Adams said that most of the kids are very excited to see Santa. "They just run right to him." Many of them are in such a tizzy, they are dumbfounded.
“Once they‘re there, they‘re so nervous they can‘t talk ... I’ve seen them actually forget their names,” said Cunningham. Those that can talk have lots of questions about the reindeer and the elves. Cunningham patiently copes as his beard is pulled, while others have a need to look under his hat.
There are, however, children who are frightened, even as their parents encourage them onto Santa’s lap for that perfect holiday picture.
“Some fight and kick and struggle to get away. There’s a lot of screaming kids,” said Cunningham. “I thought about getting shin guards. I do get kickers.”
While electronic devices like iPads, iPods, laptops and cell phones seem to be at the top of most of the children’s wish lists, Legos and Monster High dolls are in the mix, too, this year.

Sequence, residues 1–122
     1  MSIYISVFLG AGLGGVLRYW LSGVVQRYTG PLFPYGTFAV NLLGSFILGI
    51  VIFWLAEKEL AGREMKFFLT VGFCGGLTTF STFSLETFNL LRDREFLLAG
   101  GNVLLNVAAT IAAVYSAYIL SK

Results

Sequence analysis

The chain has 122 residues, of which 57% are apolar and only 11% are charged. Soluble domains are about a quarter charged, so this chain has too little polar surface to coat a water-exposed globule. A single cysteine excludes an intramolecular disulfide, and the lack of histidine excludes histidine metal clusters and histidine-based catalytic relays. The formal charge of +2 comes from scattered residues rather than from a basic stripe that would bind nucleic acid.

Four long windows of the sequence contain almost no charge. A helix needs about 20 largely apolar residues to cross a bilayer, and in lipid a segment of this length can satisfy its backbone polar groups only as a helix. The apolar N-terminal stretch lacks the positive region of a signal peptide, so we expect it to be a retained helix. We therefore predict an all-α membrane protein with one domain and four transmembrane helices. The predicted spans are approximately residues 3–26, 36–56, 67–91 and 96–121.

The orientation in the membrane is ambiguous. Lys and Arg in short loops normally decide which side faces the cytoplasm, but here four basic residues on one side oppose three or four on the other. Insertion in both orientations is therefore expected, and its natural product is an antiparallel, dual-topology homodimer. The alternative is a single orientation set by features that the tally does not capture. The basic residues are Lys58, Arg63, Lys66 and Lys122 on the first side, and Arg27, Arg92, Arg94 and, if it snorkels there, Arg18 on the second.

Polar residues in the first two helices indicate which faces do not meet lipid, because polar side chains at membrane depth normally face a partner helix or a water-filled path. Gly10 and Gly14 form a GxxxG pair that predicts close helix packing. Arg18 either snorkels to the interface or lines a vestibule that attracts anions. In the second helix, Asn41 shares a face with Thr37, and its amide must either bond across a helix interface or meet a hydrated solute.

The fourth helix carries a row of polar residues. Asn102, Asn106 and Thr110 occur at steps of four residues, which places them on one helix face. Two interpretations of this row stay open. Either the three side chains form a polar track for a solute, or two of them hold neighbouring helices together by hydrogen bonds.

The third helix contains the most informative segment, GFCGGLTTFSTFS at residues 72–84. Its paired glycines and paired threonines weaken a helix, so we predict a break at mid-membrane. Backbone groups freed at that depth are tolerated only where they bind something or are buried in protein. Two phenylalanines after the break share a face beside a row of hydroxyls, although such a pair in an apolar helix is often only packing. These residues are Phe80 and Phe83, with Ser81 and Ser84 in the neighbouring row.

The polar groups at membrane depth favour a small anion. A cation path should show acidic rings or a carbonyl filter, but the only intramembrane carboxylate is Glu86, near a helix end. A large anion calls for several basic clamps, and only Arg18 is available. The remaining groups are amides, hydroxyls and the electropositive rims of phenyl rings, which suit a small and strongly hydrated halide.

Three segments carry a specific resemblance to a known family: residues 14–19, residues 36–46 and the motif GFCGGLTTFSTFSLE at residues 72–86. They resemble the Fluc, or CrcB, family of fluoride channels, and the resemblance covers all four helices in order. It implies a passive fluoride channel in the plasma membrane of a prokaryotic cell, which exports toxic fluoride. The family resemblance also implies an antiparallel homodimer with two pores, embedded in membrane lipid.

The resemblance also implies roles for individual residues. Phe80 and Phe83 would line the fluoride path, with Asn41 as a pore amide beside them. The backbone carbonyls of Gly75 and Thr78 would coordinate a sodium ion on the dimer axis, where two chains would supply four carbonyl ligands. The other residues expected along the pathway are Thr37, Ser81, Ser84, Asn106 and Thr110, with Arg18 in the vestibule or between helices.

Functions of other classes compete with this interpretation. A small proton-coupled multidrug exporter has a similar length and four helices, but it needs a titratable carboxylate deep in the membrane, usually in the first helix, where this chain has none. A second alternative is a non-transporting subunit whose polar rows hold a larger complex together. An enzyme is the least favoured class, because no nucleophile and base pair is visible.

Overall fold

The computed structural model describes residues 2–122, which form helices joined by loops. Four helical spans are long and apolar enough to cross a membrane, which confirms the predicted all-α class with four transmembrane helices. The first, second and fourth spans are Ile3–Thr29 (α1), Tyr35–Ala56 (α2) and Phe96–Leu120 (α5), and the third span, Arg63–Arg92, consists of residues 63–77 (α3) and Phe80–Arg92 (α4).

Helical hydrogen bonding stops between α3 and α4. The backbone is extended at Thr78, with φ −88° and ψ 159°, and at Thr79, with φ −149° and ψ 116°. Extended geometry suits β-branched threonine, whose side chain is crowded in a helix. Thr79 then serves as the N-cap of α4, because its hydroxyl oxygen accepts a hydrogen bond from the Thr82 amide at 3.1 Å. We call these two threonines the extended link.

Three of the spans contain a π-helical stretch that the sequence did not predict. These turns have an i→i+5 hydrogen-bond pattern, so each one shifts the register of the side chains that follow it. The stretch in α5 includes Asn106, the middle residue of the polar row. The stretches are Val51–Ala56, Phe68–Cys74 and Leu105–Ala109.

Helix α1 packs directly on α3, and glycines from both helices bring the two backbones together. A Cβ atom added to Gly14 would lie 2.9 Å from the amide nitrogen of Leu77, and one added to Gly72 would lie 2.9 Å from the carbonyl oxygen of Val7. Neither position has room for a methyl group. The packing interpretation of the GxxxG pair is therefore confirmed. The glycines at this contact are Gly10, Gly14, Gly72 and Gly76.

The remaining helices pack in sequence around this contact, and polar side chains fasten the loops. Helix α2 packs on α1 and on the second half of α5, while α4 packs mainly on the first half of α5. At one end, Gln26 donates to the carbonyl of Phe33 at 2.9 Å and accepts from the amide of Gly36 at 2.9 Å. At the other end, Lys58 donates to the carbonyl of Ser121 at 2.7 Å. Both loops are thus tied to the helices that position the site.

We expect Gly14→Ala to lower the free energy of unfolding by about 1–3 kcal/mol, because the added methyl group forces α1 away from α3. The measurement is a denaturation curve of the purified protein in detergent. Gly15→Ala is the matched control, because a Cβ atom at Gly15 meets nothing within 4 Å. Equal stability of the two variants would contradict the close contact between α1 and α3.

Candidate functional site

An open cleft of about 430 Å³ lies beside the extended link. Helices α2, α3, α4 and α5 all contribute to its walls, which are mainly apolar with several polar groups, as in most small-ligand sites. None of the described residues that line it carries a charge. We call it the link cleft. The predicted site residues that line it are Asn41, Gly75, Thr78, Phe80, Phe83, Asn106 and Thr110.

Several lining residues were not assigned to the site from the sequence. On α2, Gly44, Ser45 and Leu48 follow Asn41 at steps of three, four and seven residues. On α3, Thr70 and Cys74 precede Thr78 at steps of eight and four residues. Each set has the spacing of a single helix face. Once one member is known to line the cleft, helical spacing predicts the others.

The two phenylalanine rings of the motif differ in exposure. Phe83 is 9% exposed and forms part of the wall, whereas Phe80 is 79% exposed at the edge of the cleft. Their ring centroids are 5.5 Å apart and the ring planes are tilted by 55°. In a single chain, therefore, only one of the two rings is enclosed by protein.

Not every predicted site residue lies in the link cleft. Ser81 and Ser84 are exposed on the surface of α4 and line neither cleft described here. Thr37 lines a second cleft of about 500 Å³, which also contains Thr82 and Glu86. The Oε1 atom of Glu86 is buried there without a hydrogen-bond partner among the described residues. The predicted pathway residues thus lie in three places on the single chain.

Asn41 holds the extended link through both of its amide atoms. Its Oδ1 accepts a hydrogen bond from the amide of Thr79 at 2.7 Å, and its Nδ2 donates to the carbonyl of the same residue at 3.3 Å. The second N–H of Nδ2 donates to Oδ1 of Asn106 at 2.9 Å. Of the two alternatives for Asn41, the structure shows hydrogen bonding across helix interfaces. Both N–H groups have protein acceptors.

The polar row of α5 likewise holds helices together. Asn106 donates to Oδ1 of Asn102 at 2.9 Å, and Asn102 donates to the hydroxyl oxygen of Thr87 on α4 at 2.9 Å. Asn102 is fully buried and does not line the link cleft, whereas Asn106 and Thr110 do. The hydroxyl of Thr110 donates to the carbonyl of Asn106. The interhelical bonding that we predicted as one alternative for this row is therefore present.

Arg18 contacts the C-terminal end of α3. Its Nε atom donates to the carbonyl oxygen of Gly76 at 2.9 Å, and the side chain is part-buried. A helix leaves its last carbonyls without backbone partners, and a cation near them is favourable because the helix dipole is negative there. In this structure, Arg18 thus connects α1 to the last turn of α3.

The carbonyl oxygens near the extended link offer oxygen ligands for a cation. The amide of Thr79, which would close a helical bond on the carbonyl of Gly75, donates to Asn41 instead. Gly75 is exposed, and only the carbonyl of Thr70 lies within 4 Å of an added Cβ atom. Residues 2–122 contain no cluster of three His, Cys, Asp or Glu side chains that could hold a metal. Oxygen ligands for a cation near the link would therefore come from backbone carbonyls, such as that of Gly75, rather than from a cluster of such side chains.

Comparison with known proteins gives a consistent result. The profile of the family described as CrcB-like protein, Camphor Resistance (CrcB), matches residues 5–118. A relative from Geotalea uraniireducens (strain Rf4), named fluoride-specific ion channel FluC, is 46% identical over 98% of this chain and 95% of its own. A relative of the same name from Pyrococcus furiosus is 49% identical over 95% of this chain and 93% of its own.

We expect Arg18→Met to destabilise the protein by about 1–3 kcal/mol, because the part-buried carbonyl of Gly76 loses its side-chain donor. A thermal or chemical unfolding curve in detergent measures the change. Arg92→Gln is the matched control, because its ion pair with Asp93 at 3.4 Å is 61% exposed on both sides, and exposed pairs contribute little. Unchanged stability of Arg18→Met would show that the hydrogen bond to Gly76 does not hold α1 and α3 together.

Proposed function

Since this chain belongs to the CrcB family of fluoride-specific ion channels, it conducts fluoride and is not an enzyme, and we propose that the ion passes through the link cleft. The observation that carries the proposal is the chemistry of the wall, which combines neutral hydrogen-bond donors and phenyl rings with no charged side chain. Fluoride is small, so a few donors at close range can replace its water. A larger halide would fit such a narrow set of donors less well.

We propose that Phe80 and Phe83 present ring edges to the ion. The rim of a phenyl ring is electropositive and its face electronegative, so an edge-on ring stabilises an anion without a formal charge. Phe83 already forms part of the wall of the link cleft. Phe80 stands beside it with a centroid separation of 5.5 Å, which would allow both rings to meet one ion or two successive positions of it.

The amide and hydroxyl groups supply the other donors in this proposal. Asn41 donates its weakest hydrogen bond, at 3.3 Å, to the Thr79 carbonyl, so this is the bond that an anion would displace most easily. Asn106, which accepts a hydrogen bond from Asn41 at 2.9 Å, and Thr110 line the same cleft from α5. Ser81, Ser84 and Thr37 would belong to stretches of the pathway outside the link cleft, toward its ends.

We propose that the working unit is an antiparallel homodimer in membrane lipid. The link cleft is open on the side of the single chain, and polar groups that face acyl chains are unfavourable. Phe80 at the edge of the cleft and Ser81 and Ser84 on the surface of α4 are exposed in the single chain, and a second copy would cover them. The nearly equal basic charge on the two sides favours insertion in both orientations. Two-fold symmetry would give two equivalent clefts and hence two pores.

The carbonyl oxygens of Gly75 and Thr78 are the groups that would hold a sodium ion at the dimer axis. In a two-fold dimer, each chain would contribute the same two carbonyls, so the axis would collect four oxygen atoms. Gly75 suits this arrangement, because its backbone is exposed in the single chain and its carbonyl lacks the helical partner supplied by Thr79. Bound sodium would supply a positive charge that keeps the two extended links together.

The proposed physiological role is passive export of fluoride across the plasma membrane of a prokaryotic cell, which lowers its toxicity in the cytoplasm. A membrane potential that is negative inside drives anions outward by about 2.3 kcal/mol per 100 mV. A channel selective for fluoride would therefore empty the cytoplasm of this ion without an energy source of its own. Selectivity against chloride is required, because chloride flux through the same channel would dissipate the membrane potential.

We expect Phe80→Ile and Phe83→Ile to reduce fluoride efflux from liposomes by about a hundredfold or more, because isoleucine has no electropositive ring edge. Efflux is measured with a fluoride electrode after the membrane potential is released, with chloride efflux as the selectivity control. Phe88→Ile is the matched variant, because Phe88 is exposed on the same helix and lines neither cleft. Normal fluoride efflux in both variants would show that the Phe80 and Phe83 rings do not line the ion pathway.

Then, there are those who come with an entirely different type of request, like the four -year-old girl who asked for a shotgun. Turned out, all of her older brothers had one, so she wanted one, too.
Others have less material objectives. One little boy climbed onto Santa’s lap to ask for his mommy and daddy to get back together. Another asked Santa to bring his late grandpa back.
A six-year-old girl asked Santa to bring her mommy and daddy home.
“I asked where they were. She told me they were in prison,” said Cunningham. To such requests, Cunningham responds with heartfelt sympathy. “I explain I deal in toys, but we’ll go to God and pray for the other.”
Cunningham recalled two young boys, one in a wheelchair, who came to see Santa last year as foster kids.